Concluding a series of witnesses called by Burnett was David Wayne Campbell, 44, who is currently completing his sentence in the Federal Detention Center, Houston.
Testifying last Thursday, Campbell said he knew Richard Winfrey Sr. while they were incarcerated in the Montgomery County Jail. Campbell said he overheard Winfrey describe a murder in San Jacinto County and how it occurred.
“After that I wanted to get moved because I was concerned about my safety,” he said. “They moved us both.”
Campbell said Winfrey was concerned about his kids and didn’t understand why they (law enforcement) were going after his kids. He said a gun and knife collection was taken from Burr’s home, something that law enforcement investigators knew nothing of until Campbell’s interview years after Burr’s murder.
Defense attorney Steven Taylor questioned Campbell about an earlier decision to not testify before the court, asking if Burnett had promised him something if he agreed to come forward.
Campbell said he had not been promised anything from anyone. “I am here voluntarily,” he said. Campbell said he has been diagnosed with cancer and is coming face to face with his own mortality. “I still am concerned for my safety and my mothers,” he said.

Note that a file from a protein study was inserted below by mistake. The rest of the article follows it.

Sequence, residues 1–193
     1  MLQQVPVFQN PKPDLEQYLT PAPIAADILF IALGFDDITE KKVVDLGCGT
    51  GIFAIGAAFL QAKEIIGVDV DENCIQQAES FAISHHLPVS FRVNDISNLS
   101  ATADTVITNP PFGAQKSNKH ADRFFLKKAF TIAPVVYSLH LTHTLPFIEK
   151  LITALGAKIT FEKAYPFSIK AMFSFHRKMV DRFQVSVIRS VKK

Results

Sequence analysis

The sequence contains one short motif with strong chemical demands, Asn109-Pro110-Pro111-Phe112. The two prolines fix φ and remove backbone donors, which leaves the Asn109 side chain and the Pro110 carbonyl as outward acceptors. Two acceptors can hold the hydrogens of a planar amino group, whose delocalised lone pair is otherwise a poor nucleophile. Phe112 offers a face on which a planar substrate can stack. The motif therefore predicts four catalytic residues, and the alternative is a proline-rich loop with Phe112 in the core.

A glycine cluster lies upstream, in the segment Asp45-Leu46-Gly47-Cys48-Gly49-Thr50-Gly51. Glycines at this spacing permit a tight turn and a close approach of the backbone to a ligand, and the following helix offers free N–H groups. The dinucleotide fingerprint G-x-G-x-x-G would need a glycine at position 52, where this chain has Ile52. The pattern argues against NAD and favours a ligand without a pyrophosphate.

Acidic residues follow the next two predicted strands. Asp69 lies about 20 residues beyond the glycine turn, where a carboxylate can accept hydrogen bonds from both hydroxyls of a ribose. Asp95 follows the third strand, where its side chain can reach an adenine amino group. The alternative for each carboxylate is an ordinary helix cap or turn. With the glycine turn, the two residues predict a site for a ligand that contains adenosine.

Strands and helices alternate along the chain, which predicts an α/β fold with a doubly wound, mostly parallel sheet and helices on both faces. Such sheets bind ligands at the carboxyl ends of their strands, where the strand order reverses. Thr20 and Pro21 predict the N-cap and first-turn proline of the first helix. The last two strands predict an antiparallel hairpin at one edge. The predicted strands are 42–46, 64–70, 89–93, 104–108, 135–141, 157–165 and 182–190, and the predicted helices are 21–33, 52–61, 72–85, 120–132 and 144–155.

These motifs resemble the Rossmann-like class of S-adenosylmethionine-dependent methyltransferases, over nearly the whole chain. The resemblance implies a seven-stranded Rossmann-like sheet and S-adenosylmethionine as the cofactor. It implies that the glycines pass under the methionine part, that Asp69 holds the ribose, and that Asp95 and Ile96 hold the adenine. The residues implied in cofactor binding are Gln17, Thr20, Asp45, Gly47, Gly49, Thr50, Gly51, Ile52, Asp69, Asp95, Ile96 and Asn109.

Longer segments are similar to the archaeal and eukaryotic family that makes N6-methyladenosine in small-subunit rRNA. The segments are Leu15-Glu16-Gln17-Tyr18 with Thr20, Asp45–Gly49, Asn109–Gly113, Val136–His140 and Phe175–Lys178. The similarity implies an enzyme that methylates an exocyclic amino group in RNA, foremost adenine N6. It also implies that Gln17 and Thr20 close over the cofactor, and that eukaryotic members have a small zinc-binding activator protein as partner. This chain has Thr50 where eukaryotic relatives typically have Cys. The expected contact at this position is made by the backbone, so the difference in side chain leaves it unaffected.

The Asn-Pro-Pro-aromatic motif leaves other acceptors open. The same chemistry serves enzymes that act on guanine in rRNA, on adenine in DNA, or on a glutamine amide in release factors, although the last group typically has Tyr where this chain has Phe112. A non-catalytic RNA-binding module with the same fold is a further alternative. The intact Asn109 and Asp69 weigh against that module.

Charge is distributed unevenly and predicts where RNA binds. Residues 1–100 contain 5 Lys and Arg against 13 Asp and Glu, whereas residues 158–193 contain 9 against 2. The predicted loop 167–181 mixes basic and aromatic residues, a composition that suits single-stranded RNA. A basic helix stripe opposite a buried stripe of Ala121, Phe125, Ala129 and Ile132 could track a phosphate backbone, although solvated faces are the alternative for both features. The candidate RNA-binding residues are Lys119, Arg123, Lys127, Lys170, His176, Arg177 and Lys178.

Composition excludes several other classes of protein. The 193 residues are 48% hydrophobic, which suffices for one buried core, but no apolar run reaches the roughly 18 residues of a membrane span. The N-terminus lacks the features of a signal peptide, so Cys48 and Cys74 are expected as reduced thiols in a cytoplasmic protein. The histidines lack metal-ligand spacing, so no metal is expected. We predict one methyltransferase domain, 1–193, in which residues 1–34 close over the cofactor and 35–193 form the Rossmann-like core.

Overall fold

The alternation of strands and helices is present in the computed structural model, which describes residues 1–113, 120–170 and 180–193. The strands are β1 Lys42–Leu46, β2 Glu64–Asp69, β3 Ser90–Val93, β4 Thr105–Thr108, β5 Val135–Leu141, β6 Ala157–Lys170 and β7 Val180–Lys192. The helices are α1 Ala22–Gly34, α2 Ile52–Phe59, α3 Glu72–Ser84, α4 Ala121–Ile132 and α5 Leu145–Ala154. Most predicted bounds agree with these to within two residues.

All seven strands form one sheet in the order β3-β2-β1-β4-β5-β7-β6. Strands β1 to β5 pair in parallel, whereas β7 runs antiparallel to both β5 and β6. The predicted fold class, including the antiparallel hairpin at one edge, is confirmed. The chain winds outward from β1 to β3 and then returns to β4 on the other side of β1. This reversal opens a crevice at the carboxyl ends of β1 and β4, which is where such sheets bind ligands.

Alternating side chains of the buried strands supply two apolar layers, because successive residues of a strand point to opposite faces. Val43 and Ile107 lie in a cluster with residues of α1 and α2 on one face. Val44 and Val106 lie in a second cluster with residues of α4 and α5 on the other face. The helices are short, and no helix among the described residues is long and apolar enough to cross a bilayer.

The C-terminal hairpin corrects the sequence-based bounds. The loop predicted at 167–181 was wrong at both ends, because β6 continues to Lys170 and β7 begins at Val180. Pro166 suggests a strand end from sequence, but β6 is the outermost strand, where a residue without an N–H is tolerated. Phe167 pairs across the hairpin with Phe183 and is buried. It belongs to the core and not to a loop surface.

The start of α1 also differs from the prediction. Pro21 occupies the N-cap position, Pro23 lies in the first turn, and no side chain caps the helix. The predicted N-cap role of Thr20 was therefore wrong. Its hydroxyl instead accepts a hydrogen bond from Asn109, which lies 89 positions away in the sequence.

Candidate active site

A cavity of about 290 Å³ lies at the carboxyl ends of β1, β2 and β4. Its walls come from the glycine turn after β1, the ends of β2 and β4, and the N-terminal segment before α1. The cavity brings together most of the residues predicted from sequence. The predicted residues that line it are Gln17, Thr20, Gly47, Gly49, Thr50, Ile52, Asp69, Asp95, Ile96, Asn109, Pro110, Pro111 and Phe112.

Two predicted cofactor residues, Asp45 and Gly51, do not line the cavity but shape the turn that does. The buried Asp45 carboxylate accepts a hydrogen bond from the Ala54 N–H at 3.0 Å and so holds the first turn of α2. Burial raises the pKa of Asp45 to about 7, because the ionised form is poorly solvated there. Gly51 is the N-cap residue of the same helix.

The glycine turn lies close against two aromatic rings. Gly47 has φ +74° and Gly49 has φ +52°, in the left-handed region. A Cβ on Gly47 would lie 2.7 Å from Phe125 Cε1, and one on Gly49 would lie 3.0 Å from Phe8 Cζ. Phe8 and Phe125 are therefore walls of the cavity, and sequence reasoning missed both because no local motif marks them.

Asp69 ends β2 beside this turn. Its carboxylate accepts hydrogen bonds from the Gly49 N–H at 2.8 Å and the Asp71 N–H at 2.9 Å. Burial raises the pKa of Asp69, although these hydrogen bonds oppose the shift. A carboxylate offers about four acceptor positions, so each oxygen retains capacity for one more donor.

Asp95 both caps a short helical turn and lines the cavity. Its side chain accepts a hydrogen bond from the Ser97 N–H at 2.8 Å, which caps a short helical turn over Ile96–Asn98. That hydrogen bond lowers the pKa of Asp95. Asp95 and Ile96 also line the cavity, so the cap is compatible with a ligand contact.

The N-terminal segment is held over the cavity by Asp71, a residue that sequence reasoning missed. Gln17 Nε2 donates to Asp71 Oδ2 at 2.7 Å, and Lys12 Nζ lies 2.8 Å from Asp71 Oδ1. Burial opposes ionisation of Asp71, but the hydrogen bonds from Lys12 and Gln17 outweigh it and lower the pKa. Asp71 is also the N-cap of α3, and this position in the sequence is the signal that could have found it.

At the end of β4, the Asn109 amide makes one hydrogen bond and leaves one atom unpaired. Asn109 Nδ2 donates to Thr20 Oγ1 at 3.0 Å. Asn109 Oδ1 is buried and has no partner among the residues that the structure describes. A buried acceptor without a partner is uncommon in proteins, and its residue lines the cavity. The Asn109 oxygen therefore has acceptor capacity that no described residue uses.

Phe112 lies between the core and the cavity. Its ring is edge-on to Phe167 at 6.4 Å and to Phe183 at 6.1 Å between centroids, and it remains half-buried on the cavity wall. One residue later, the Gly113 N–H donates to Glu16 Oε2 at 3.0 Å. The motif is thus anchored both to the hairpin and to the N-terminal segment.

Taylor showed a copy of a letter written by Burnett on Campbell’s behalf requesting leniency for his testimony.
Campbell said it didn’t matter because he will be released from prison January 28 anyhow.
Campbell said Richard Winfrey’s sister, Vicki, started sending him letters and tried to visit him in prison after she found out he was going to be a witness.
“She knows I have a son and daughter and where they live. That bothers me because I am locked up,” Campbell said.
“I don’t want to have to look over my shoulder worrying about somebody doing something to my family,” Campbell said.
When asked if he wanted to testify on his own behalf, Winfrey declined.
“What you saw and heard in this courtroom will stay with you always,” Taylor told the jury as he opened his final arguments.
“Capital murder is something bad and something special at the same time. You must find that he (Winfrey) caused the death intentionally during an attempted commission of robbery. You’ve heard information about a crime that took place but no evidence. The medical examiner told you about wounds but no evidence to tell you who caused those wounds. Texas Rangers said there were no signs of forced entry. Burr’s house was cleaner than my house and nothing out of place. Nothing was in disarray. Nothing to indicate a struggle or robbery. There was no evidence of guns being stolen or nothing else taken. If you don’t find robbery you can’t find capital murder. There was no evidence of a robbery at all and you can’t find capital murder,” Taylor told the jury.